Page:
Sandra Stewart | April 24, 2013
I think it is possible to stretch the meaning of a word so far that, like a suitcase overstuffed with dirty laundry and souvenirs, it bursts, creating an impossible mess and possibly breaking things.
Case in point: curate/curator. Back in the day—I don’t know, a year or two ago—a curator was someone who organized exhibitions, particularly at museums and galleries. Now anyone who organizes anything is a curator. The New Yorker recently ran a cartoon showing a man and a woman standing at a bar, drinks in hand. He’s saying, “I curate children’s parties.” That’s barely a joke. I’ve recently been to conferences that were curated, read a web news site run by a curator, and heard glowing references to people who curate experiences.
What of it? Well, it’s confusing. What can it mean to curate an experience? (And do I want that? How is that different from curating an art exhibition?) The application of curate to so many jobs and activities makes the word increasingly less descriptive, and therefore less useful. But most of all, it’s pretentious and sad.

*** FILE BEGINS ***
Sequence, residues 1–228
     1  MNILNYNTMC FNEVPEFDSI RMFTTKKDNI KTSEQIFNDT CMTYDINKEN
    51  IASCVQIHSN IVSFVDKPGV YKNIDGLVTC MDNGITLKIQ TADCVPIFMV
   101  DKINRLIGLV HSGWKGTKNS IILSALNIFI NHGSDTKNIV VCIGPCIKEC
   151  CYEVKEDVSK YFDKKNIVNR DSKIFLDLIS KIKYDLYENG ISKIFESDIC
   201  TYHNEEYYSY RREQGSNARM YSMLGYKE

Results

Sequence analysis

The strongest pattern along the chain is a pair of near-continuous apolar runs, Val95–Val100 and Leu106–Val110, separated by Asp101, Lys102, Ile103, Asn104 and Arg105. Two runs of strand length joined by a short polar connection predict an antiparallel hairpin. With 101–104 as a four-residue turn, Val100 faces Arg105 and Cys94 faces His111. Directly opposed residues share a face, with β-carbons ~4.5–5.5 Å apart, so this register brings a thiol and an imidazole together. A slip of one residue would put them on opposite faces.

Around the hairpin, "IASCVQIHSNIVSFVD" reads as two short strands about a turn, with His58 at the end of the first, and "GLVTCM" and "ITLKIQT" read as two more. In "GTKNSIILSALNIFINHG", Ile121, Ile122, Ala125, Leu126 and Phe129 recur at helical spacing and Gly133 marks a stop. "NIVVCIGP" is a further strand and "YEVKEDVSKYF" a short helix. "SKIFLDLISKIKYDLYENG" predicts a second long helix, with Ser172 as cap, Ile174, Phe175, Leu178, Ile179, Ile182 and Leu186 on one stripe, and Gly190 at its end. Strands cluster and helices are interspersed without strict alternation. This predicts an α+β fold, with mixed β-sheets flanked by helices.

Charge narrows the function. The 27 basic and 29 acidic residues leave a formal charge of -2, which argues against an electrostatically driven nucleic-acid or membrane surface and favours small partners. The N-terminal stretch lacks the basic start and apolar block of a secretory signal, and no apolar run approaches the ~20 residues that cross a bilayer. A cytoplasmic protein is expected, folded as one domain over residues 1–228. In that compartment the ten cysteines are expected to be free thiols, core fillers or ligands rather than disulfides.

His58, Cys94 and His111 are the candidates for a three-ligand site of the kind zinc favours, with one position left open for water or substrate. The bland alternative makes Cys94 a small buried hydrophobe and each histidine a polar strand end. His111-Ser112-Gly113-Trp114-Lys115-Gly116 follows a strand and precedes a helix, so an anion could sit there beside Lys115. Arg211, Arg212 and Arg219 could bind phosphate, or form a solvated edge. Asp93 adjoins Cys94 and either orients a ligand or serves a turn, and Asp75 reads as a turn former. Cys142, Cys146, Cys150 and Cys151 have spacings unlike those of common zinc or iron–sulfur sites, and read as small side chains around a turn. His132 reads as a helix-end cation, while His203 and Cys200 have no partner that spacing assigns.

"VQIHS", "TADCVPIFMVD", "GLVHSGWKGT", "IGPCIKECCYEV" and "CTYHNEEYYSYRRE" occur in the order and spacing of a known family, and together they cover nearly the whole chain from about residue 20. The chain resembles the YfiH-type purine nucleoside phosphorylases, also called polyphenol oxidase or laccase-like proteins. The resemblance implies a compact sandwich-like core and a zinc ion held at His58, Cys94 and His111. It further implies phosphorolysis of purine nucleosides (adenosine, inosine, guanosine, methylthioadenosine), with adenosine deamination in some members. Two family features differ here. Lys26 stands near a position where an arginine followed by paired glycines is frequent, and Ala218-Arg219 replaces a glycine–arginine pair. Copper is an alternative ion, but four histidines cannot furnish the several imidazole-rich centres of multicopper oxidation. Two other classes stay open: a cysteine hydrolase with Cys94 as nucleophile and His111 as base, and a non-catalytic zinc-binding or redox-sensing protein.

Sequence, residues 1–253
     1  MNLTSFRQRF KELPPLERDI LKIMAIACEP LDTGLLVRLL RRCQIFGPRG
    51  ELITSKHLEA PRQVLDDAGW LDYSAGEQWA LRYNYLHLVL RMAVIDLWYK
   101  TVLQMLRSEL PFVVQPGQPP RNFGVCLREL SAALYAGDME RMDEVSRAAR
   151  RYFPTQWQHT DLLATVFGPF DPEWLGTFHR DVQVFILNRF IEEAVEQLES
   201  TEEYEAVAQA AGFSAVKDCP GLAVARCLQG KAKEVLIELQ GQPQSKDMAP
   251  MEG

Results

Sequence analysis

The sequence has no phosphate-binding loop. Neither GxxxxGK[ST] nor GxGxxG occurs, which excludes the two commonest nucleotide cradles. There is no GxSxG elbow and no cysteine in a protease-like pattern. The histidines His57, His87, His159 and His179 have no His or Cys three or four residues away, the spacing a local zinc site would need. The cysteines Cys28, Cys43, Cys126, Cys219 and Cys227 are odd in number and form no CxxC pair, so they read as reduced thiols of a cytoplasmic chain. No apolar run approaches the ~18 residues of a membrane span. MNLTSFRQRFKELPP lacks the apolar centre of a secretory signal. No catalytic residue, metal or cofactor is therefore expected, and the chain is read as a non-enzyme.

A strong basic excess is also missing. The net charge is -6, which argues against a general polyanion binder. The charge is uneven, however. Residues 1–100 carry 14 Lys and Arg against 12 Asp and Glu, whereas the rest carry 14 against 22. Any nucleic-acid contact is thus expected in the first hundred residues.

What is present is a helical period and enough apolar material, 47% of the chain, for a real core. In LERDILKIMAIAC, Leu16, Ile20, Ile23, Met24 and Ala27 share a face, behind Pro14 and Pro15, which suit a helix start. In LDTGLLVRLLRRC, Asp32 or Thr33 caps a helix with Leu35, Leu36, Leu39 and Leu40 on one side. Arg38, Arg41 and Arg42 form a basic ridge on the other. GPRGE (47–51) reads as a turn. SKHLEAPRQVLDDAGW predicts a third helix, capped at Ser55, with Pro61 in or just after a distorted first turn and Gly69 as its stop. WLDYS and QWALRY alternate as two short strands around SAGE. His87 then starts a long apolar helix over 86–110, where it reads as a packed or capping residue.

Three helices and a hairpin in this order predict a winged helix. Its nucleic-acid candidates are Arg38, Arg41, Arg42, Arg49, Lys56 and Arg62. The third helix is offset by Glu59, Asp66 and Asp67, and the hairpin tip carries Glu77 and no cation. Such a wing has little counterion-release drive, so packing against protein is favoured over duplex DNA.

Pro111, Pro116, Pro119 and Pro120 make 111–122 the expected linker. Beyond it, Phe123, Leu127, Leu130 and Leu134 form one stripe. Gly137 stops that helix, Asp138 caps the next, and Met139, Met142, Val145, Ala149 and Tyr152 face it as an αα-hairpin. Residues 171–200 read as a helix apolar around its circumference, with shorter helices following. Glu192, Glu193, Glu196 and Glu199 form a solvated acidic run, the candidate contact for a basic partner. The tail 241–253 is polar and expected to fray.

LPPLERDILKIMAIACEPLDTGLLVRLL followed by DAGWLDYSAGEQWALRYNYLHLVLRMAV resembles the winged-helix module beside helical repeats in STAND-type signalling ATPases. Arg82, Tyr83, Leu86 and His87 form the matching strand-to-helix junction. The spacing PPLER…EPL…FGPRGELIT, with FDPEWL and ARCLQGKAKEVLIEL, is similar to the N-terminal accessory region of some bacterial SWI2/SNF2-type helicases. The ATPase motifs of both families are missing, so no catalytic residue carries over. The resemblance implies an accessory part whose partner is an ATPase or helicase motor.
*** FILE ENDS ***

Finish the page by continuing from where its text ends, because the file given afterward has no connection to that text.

Most of the jobs now being called curator already have perfectly good, descriptive, not-insulting names, like editor, producer, and project manager. The substitution of curator seems to be a way to upscale those jobs with a little eau de art museum (probably in lieu of paying the people who do them what they’re worth). But being an editor, producer or project manager is a high-skill job that takes talent and experience to do well. It’s sad that editors, producers and project managers—or the people who hire them—don’t see that. Be proud, people of many professions! Reject the meaningless curator label!